by Hugh Sterbakov,
(Top Cow/Image, 2006)
Freshmen takes the superhero team concept in a new direction. In this volume, the heroes are just students who, because of a shortage of dormitory rooms, are temporarily housed in the college science hall. That puts them at ground zero when an experimental medical machine, the Ax-Cell-Erator, blows up, and they are all granted strange new powers based on whatever they were thinking at the time.
Pity for Norrin, the only comic-book geek among them, because he went out for pizza and is the only one who got no powers.
Otherwise, you have a psych student who gains the ability to crawl into people's heads, read their minds and control their actions; a vegetarian who develops an awareness of plant-speak; an overweight and homely girl who can seduce anyone she chooses; a math whiz and genius student who, because of his first college drinking binge, can belch intoxication onto his foes; and a love-hate couple who, when they're touching, can push or pull objects at will.
Some of the powers have limited applications in a superheroic sense. The French guy, for instance, was startled by a squirrel when the incident occurred, and so far his power seems only to cause him to horde nuts. Another guy, miserable because of a recent humiliation regarding his inadequate "stature," suddenly grows 15 feet of indestructible schlong.
Let's just try to ignore the talking beaver, OK?
Created by Seth Green, of Buffy the Vampire Slayer and Austin Powers fame, and writer Hugh Sterbakov, the storyline has potential -- although it is largely wasted in this book, given that most of the book is devoted to getting to know the crew. However much latent potential it has, though, this book left a sour taste in my mouth because of an unexpected dose of religious mockery.
Liam Adams is an overweight Amish lad from Lancaster, Pa., which just happens to be my hometown. (No, I'm not Amish; despite popular belief, Lancaster's Amish population is a minority, for all that it's the basis of the region's thriving tourist trade.) In Liam's case, the creative team's research seems to have extended no further than Weird Al Yankovic's "Amish Paradise" video, and the Amish faith is used primarily for laughs. Much of it, sadly, is based on misconceptions: Amish men don't grow beards until they're married. The Amish don't have electricity in their homes, but they do know what it is and would not be endlessly fascinated by something so simple as a light switch. The Amish have no real similarity to the Quakers, so choosing Quaker as a superhero name makes no sense. Amish boys rarely finish high school, much less attend college. The Amish tenet of nonviolence is not so easily shaken. And so on.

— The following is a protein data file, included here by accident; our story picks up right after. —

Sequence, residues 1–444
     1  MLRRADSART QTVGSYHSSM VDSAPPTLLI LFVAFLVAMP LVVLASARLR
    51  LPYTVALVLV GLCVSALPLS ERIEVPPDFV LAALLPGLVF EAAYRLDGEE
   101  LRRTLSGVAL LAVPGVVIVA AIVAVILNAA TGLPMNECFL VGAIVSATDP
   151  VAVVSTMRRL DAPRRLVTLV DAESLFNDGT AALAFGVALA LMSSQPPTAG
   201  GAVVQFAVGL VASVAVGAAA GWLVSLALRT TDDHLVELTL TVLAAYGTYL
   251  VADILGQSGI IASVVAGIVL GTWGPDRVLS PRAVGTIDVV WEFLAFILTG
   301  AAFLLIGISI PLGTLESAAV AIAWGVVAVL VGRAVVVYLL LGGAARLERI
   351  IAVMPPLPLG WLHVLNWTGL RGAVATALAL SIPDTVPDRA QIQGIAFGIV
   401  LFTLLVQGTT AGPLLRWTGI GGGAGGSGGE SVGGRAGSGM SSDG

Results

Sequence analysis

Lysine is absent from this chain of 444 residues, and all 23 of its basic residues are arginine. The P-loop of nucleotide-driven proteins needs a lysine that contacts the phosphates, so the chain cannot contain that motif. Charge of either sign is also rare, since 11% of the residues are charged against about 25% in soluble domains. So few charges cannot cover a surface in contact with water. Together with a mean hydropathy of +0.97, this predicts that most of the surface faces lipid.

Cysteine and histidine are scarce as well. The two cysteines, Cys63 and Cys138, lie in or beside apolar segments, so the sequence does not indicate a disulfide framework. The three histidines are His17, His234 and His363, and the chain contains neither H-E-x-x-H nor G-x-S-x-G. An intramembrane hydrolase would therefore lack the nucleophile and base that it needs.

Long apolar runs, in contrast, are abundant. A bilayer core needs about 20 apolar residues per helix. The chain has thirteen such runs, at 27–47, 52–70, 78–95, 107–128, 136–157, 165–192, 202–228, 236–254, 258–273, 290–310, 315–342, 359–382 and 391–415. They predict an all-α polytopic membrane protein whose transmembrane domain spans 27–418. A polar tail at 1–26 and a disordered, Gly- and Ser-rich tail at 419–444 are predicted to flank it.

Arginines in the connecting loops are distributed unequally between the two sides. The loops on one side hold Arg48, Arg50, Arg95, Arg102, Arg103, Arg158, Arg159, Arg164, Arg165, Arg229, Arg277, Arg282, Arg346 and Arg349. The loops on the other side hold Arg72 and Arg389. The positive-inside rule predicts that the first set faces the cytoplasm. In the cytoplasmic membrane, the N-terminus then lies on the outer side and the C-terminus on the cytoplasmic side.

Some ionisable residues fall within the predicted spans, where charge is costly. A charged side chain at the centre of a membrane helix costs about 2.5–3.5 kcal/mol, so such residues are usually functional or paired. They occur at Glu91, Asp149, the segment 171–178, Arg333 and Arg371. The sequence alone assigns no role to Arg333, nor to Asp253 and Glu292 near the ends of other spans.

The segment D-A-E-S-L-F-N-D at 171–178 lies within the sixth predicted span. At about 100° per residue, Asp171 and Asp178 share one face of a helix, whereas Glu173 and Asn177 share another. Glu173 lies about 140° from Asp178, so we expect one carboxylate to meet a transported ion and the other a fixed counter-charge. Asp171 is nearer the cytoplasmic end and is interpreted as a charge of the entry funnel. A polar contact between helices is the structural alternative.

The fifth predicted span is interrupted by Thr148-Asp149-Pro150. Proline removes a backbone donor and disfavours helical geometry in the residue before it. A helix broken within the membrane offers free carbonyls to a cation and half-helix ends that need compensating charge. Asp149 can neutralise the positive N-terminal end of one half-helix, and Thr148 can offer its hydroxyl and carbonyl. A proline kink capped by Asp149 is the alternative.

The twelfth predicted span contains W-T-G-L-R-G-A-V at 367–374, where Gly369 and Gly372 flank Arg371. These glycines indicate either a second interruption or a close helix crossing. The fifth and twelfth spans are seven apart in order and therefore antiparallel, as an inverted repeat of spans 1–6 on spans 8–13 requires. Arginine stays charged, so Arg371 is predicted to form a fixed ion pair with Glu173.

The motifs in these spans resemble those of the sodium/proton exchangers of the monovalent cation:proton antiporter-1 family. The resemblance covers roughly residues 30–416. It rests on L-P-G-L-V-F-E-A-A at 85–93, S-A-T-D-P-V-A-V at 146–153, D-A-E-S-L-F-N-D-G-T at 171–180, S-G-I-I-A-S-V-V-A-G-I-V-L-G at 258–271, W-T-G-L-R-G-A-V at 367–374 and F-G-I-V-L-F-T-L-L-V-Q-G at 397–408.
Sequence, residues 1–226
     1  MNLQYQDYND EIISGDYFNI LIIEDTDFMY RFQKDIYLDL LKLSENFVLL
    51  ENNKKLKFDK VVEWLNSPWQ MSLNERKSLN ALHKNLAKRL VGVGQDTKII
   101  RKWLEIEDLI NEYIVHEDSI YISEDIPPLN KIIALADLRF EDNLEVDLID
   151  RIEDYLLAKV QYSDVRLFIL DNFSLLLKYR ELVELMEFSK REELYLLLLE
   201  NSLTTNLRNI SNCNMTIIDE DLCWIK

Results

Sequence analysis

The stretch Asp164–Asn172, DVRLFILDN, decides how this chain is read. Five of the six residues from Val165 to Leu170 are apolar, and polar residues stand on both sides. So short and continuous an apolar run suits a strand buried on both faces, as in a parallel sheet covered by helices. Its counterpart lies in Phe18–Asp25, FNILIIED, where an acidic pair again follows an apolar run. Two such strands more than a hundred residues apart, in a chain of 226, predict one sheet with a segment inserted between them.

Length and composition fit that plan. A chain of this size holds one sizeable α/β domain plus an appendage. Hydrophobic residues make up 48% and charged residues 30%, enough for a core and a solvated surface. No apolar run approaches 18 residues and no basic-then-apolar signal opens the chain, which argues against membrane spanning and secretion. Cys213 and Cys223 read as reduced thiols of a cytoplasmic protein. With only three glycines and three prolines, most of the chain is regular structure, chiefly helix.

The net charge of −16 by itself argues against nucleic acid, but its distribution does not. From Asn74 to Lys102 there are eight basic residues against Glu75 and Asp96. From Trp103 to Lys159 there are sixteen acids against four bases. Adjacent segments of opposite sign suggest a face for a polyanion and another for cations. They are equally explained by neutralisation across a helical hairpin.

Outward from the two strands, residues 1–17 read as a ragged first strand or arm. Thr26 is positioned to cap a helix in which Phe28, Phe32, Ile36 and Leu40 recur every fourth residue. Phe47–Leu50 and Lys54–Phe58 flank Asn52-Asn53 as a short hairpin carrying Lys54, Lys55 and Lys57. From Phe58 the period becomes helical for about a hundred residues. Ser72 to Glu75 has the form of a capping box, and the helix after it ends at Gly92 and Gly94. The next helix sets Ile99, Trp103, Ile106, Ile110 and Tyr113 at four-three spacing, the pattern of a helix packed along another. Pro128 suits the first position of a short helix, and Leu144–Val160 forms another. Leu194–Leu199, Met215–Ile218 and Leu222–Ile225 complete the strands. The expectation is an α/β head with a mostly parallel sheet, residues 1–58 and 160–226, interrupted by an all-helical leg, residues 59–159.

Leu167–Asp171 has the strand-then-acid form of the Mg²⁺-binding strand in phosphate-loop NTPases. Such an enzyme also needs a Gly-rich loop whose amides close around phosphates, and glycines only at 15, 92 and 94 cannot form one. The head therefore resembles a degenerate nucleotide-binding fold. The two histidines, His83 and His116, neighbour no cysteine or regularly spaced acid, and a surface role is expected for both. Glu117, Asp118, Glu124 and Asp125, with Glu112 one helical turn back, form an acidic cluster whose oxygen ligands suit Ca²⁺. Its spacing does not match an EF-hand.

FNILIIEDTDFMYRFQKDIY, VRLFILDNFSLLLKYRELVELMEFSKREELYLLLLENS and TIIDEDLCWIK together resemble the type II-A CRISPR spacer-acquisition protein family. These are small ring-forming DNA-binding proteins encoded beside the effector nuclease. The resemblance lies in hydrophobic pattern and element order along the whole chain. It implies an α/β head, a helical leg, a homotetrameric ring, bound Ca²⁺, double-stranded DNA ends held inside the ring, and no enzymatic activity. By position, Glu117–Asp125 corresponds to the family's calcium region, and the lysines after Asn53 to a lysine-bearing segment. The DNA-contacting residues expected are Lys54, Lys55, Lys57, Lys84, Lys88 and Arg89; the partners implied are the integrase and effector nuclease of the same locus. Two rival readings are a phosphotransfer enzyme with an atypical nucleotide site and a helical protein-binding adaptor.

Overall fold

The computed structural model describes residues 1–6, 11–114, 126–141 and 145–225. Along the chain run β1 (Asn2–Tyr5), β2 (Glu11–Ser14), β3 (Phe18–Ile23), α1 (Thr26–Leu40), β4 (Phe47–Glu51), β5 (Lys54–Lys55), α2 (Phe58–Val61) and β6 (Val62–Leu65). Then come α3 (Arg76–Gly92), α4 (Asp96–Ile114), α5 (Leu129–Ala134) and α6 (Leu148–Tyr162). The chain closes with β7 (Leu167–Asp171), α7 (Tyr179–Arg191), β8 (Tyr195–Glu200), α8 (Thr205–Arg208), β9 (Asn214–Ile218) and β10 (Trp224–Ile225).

If any other religious stereotypes were used for humor in a comic book, there'd be hell to pay. But the Amish, who rarely seem to even know they're being mocked and rarely do anything about it when they do, are apparently a fair target for Green and Sterbakov. And that's just sad.
It might be worth overlooking if the book went somewhere interesting, but since volume one of Freshmen mostly just sits around inspecting its navel, I can't see any reason to recommend it. At least the art by Leonard Kirk is good.
by Tom Knapp